To be really honest, the cheering of a Tory MP crossing the floor in the House of Commons, an MP who has voted against everything we believe in, crystallised the deep unease. What I immediately felt was pain for all of those who are forced to use food banks, all of those who are going through the punitive ‘social security’ system, for all of the amazing activists protesting against the Police, Crime, Sentencing and Courts Bill, including Gypsy and Traveller people, who are also at the heart of resisting the racism in this legislation — some of the many reasons why this whooping by elected representatives of my own party, on that day, was so inappropriate and jarring for so many.
What I have witnessed on the NEC has been immensely frustrating. This leadership is devoid of ideas, lacking vision. I can’t and won’t negotiate with these people anymore. The summit of their ideas are just small tweaks to the status quo. They challenge virtually nothing but are noticeably determined when it comes to rule changes that alienate the left. They have demoralised thousands of people who were awakened to politics for the first in their life. I am sure, this is part of their larger strategy.
When there is so much devastation caused by this Government and the economic system we live under, when poverty is endemic, when people are hungry, when finance capital is tightening its grip on the NHS, with a Government entrenching the hostile environment, and when the ravages of climate decay are obvious for all to see, we cannot go on, giving our energy to people who want to block fundamental, positive change.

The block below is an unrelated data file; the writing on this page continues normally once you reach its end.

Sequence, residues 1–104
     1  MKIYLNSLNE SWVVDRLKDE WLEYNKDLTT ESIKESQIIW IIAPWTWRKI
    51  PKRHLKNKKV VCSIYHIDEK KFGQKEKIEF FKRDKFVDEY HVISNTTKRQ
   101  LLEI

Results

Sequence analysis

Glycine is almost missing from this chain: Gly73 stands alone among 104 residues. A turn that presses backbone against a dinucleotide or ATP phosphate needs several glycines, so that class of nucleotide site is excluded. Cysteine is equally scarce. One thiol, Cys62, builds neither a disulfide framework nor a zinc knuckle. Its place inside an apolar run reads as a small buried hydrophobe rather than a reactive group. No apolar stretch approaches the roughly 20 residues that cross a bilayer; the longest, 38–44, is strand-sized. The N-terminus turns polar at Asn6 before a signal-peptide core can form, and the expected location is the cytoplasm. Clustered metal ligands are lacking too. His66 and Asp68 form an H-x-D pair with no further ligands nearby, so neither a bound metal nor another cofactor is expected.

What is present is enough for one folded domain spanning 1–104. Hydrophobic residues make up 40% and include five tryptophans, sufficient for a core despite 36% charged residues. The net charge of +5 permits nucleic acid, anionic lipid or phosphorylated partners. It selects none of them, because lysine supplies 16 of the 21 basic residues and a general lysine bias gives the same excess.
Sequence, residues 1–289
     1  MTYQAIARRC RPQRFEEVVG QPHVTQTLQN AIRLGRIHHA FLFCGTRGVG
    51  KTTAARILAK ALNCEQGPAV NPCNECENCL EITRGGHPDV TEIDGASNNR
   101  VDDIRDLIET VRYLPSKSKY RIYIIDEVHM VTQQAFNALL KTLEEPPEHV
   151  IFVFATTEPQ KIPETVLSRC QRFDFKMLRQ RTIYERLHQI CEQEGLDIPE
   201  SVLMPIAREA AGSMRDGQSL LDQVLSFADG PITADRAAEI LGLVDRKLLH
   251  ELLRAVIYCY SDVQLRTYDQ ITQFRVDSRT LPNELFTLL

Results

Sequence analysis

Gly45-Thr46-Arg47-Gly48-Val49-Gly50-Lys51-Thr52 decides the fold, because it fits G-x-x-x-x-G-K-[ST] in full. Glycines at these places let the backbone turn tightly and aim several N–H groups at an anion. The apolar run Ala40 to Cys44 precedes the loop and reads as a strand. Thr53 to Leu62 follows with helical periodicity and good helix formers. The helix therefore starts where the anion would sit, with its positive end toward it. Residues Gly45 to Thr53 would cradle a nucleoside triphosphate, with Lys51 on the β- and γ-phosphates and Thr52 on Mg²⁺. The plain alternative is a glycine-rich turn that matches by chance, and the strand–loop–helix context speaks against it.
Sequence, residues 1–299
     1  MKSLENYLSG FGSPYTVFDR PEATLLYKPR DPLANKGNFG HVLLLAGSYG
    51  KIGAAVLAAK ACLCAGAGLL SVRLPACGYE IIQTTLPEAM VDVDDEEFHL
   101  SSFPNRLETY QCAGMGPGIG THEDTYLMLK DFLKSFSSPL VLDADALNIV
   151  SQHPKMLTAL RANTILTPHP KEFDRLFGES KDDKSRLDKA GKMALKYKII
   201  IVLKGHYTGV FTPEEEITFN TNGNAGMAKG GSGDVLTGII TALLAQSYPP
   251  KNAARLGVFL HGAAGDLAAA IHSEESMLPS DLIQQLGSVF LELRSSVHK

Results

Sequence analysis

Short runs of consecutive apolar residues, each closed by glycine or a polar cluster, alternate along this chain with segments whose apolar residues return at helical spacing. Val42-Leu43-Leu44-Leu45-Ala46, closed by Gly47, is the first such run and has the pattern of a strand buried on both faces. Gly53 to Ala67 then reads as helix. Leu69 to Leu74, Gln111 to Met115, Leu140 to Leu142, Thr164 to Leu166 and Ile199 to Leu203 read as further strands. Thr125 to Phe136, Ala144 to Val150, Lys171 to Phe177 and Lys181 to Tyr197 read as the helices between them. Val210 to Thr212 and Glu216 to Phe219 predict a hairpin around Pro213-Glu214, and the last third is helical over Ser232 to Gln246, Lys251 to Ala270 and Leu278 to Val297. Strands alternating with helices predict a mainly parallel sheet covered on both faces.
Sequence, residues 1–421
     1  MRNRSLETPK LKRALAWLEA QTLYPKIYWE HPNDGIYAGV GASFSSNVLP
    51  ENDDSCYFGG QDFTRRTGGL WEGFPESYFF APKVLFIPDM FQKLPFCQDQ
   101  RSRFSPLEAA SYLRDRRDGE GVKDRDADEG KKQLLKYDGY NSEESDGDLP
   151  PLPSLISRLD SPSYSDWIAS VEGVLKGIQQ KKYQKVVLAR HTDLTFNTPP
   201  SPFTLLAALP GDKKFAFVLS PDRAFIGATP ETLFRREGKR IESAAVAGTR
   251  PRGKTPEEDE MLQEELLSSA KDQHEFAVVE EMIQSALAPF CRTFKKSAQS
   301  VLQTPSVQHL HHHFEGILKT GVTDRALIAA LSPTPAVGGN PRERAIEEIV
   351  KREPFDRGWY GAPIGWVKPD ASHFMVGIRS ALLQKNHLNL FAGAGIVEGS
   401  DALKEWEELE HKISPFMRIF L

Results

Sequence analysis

I think we also need to be honest about some of our mistakes on the left. I know circumstances have been really difficult and many people have endured personal attacks, so saying that mistakes have been made is not about blaming the membership — far from it. I have always believed that the only really effective response to these attacks, on people’s values and reputations, is from the mass membership, where we fight transparently and collectively, where we demonstrate our power.
This is also true for the position over the reinstatement of the whip to Jeremy Corbyn as a Labour politician. Perhaps with the best of intentions, some people seem to think that we can negotiate our way to justice by appealing to the right of the party to do the right thing. That has never worked and certainly will not work in the current circumstances.
I have sadly come to the conclusion that I can’t serve on the NEC any longer. I am really sorry if this disappoints comrades and people feel let down especially those members who went out of their way to vote for me, but there is too much to be done and I can’t have these decisions, which do so much damage to the membership, made in my name. I have never viewed politics and political participation as a game of chess. I don’t think politics is complicated and I think it is ok to act according to your feelings and passion. When I don’t feel I am making a difference, I want to put my energy elsewhere and that is what I’m choosing to do.
Much love and solidarity.
Laura Pidcock
Labour Politician


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Written by

Claire Gordon